NASA’s Earth sciences program is not exactly in the Trump administration’s good graces, with grim funding prospects as revealed by a blueprint of the White House’s 2018 requests. Based on the document, it will receive $1.8 billion, a cut of $102 million or about 5 percent from its 2016 budget level.
Despite the proposed budget reduction, however, NASA officials are confident that the Earth sciences program is still a go, with no major disruptions in sight.
De-emphasizing Planned Cuts
The blueprint, also dubbed the “skinny” budget, harbored plans to terminate four missions currently under development, namely the ocean-monitoring PACE satellite, the Orbiting Carbon Observatory-3 instruments for the International Space Station, the Deep Space Climate Observatory, and the CLARREO Pathfinder for measuring heat levels in our atmosphere.
But at a March 30 NASA Advisory Council meeting, NASA acting administrator Robert Lightfoot was quick to acknowledge the planned cuts while putting emphasis away from their possible effects.
“Overall, I’d say science funding was stable at the topline, although some missions in development will clearly not go forward in the Earth science arena. We continue to be committed to study our home planet,” he said, as reported by Space News.
The U.S. space agency will “reshape” its focus based on available resources, Lightfoot added, saying the lower budget still fits their planned activities concerning Earth science.
At a previous gathering, NASA’s Earth science division director Michael Freilich also seemed to play down the planned cuts, saying that while significant, the impact “is not existential.”
Freilich also delved on the lack of language about the division in the NASA authorization act recently passed by Congress and signed by Trump into law. Earth science’s omission in the bill, he said, led to some conclusion that the said programs were no longer authorized.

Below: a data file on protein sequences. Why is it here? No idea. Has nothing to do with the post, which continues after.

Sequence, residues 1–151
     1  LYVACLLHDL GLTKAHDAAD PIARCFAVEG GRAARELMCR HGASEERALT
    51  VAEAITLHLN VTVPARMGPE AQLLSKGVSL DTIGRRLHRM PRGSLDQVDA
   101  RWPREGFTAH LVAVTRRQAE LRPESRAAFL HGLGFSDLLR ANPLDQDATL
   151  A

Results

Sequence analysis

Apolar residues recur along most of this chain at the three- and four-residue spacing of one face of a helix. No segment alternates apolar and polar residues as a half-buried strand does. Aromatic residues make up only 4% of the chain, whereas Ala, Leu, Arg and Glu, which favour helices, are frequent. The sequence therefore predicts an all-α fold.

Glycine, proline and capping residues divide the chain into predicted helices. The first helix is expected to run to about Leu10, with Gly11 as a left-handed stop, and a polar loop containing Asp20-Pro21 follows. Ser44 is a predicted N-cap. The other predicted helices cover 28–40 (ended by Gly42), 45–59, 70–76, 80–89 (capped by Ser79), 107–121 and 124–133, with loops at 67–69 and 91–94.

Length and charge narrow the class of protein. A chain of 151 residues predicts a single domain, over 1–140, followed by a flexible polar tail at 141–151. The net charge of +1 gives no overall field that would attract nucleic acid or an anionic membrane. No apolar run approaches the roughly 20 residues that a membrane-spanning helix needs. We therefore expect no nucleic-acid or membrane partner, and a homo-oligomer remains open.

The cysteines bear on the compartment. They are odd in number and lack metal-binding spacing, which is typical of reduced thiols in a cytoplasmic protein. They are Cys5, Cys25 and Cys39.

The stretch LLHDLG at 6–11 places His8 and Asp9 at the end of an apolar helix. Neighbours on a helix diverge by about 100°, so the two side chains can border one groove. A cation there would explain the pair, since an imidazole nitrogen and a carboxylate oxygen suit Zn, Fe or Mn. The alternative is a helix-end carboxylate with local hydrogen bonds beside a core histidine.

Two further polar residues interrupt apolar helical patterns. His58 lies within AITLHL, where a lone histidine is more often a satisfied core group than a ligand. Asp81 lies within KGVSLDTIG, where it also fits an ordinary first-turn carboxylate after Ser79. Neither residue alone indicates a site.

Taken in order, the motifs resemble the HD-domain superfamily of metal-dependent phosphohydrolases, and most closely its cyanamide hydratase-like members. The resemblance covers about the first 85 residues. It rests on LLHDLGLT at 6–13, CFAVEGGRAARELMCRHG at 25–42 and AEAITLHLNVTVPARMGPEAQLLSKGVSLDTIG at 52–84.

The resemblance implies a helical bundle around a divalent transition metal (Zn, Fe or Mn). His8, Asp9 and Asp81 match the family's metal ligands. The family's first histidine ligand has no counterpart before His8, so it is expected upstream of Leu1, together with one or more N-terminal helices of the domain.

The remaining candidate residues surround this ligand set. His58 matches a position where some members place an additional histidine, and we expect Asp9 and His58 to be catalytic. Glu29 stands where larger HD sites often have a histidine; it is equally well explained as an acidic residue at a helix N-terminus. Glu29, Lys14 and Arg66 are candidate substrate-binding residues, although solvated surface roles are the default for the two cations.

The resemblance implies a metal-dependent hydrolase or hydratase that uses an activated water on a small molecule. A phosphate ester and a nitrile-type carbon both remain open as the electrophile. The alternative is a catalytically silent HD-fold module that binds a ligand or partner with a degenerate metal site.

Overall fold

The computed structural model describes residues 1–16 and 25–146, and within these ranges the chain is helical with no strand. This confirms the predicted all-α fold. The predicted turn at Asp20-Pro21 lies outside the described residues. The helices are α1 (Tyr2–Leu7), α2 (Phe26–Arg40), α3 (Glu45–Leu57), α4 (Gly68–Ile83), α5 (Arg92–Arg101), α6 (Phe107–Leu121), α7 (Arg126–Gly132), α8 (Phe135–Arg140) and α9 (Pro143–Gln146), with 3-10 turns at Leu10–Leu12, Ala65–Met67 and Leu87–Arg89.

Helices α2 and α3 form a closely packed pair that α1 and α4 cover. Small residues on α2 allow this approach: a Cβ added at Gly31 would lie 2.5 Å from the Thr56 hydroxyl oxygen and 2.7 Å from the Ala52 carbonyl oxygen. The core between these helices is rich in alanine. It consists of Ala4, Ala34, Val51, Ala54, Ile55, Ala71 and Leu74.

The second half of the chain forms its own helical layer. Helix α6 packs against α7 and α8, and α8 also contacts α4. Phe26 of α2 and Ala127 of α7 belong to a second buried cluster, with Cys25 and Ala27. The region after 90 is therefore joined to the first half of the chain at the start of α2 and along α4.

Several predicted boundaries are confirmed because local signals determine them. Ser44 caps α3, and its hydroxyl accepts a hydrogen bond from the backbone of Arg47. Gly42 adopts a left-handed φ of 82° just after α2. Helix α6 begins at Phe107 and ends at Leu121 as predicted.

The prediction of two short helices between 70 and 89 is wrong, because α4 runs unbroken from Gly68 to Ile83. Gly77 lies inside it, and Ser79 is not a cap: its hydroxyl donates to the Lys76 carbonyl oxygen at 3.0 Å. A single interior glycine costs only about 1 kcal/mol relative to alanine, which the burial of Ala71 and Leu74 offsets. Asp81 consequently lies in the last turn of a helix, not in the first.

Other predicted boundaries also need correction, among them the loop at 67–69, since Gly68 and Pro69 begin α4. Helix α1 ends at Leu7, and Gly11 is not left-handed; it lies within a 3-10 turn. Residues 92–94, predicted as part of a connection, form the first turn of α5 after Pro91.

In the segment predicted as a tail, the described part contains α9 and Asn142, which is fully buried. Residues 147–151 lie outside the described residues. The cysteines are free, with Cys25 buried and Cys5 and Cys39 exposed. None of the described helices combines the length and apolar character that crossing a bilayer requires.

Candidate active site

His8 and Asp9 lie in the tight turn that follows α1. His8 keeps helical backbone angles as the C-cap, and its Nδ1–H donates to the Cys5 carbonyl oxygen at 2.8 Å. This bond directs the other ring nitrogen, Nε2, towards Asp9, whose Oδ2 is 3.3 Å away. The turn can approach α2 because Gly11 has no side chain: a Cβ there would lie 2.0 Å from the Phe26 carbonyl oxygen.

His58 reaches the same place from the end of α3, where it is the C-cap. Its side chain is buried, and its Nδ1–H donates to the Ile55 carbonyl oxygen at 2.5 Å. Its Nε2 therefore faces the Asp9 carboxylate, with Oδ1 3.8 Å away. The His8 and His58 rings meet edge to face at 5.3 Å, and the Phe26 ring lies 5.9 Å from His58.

Planned Science And Health Budget Cuts Under Fire
While the missing Earth science provisions in the act is not one of the matters that Freilich said he worries about, the planned budget cuts in different areas of science and health received great criticism from scientists and advocates.
In March, planetary scientists decried the proposed cuts on Earth science missions. During a March 20 event in Texas, scientist Nancy Chabot dubbed it “short-sighted” to be pleased with the planetary science budget and not mourn the cuts on the other field.
“Planetary science does not live in isolation,” Chabot said.
Without directly mentioning Trump or the proposed budget, astrophysicist Neil deGrasse Tyson also railed against science and health budget cuts that could make America “sick,” “weak,” and “stupid.”
Earth science is not the only NASA program on the chopping board. It finds company in the NASA Office of Education, which is aimed to be eliminated when it received $115 million in 2016. The said office is engaged in conducting internships, scholarships, and camps and enrichment programs for future scientists, as well as support provision for women and minorities in STEM fields.
The biggest portion of the agency funds ($3.7 billion), on the other hand, will go to NASA’s human exploration division for the famed Orion spacecraft and Space Launch System jumbo rocket intended for planet Mars.